There are limits, though vast, to the degree to which words, even in the hands of the most careful draftsperson, can accurately capture concepts, particularly when those concepts concern future events and possibilities. There are likewise limits, though vast, to the degree to which people can anticipate future events. I have written more than once about the impact of these limits of both language and foresight on insurance policies. Because of these fundamental realities, no matter how much effort is put into drafting an insurance policy and anticipating the scope of potential exposures, there will inevitably be losses that either were never anticipated when the policy language was written or that, even if anticipated, were not accurately captured within the chosen wording. It is this phenomenon that constitutes the source of much insurance coverage litigation: either an event occurs that neither the policyholder nor the insurer anticipated and included within the policy language, or one party or the other thinks it bought coverage for or excluded a particular future possibility, only to find out later that the words they chose to use didn’t capture it.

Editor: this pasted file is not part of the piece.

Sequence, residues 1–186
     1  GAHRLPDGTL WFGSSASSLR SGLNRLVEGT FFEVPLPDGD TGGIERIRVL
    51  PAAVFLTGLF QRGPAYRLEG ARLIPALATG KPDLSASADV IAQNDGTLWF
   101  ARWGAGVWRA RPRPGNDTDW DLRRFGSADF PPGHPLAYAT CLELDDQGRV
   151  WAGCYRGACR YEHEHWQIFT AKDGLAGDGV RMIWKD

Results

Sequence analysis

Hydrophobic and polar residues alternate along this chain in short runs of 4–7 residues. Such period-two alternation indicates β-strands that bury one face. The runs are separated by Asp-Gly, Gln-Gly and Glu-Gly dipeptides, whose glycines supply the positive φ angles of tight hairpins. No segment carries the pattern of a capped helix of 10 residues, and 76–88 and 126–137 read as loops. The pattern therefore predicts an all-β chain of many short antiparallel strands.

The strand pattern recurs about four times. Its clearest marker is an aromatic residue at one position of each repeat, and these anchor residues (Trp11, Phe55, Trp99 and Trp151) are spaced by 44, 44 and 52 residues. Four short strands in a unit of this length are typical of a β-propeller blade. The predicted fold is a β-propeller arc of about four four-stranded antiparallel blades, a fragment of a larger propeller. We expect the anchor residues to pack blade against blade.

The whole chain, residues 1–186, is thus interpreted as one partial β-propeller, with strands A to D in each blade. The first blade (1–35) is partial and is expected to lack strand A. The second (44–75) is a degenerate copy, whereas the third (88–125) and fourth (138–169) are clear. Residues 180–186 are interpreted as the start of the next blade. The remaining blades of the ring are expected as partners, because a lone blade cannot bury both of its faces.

This is true for plan documents, LTD policies, and essentially any contract – words and anticipation aren’t always enough to create a document that fully provides for everything that might happen in the future, leaving the parties to dispute how the document applies when a novel event eventually occurs. This has never been so evident as in this new decision from the First Circuit Court of Appeals, in which the issue arose as to whether the future risk of a relapse by an anesthesiologist who had been diagnosed with addiction rendered the physician disabled for purposes of an LTD policy. The case itself is fascinating, as is, to some extent, the question at its heart: if the currently disabling event has passed, but the participant may become again disabled, is the participant still disabled for purposes of the policy? The question itself sounds like a Zen koan and, phrased as I just have, almost as unanswerable. Almost, but not quite, because the First Circuit found an answer, rooted in the limitations on language and foresight I noted above. The Court found that the risk of relapse rendered the participant still disabled, because the LTD policy did not specifically exclude this risk. So there you have it: if you don’t want to cover the currently rehabilitated participant whose risk of relapse means he can’t go back to work, you better write that down somewhere in the plan or the policy.